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Those concerns first surfaced in the wake of the Tamweel Tower fire in Jumeirah Lake Towers in November 2012.
The insurance implications of buildings covered with potentially flammable aluminum cladding are enormous. The cost of insuring such buildings is sure to increase significantly, if it has not done so already. In some cases, it may be difficult to insure such buildings at all.
For the owners, owners’ associations and tenants of such buildings, the question of whether they are insured in the event of fire is understandably of prime significance. Yet the responsibilities of owners, developers, owners’ associations and tenants to take out insurance and their rights and obligations towards each other as well as to third parties with respect to the parts of the building over which they have this responsibility are often poorly understood.
Third Party Liability of Property Developers and Owners’ Associations
As a general rule, property developers and owners’ associations remain responsible for all areas of a property over which they maintain control. Where those areas cause harm to third parties, the property developer or the owner’s association may be liable to the injured party due to their perceived ability to eliminate or minimise the risk of harm.
To protect themselves against incurring a legal liability to third parties in those circumstances, the property developer or owner’s association can take out public liability insurance. This form of insurance will cover the property developer or the owner’s association for liability to pay damages or compensation to persons who have suffered loss as a result of a harm flowing from the acts or omissions of the property developer or the owner’s association.
However, because public liability insurance only covers an insured person for a legal liability to pay damages or compensation to a third party for loss, this form of insurance will usually not cover an insured person unless:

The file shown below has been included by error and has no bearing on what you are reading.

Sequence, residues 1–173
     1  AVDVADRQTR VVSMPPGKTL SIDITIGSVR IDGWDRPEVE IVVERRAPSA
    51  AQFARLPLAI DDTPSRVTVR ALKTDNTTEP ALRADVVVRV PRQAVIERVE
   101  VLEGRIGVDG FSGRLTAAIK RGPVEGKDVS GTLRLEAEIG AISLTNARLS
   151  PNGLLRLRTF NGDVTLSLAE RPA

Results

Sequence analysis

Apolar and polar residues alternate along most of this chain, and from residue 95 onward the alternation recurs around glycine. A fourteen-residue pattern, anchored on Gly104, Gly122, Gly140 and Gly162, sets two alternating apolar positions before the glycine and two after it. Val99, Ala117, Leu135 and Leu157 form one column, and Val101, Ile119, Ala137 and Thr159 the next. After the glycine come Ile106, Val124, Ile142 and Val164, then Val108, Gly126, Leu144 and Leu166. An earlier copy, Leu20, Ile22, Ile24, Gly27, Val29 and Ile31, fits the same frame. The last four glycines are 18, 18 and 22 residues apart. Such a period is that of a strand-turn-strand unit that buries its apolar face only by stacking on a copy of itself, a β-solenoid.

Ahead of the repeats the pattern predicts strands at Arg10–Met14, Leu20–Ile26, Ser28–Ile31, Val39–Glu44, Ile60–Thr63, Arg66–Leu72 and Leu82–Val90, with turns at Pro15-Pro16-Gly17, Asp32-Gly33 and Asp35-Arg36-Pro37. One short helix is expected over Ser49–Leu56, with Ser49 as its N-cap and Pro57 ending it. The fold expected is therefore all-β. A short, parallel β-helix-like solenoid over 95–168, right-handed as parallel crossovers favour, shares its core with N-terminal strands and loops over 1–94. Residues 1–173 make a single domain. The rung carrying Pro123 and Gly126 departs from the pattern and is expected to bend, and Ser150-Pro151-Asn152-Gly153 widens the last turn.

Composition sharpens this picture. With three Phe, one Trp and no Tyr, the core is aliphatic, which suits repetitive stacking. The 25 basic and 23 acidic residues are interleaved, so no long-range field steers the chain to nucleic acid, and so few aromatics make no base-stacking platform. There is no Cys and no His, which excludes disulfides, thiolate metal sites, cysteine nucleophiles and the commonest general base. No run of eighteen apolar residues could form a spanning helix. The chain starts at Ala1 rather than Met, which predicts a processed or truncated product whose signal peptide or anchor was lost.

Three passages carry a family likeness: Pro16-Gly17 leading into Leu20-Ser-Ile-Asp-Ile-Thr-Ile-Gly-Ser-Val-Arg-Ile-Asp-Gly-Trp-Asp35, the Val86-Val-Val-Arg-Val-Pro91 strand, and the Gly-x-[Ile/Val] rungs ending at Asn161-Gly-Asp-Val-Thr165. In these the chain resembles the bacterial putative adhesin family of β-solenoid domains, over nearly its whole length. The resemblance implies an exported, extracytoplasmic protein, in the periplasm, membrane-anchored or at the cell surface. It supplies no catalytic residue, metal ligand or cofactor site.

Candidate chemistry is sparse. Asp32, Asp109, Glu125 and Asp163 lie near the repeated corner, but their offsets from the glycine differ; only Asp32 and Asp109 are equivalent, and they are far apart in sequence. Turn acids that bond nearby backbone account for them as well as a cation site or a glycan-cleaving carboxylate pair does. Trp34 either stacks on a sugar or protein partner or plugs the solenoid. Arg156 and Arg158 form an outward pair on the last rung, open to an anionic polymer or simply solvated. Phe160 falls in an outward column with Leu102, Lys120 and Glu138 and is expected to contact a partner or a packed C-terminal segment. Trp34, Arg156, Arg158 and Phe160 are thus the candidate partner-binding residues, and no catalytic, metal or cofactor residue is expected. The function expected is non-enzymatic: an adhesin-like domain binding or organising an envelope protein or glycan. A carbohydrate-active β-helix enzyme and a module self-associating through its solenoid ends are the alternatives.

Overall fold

For a property developer or an owner’s association to incur a liability covered by this form of insurance, they will usually need to be found to be legally at fault. In the UAE, the hurdle for the finding of legal fault is, compared to western countries, somewhat higher. The test for causation in particular is considerably more demanding. For that reason, a third party that has suffered harm as a result of an act or omission of a property developer or an owner’s association cannot be assured of recovery from them.
Insurance for Owners and Tenants
Owners and tenants of rented properties should always take out insurance covering their respective interests in the property. The usual form of insurance for this is home and contents insurance. This form of insurance will typically cover:
Because home and contents insurance only provides cover against accidental loss or damage, this form of insurance will usually not cover the policyholder against loss or damage arising from pre-existing defects in the property. An example of a pre-existing defect in a property would be where the property’s foundations were insufficiently firm and the property sustained structural damage as a result of subsidence.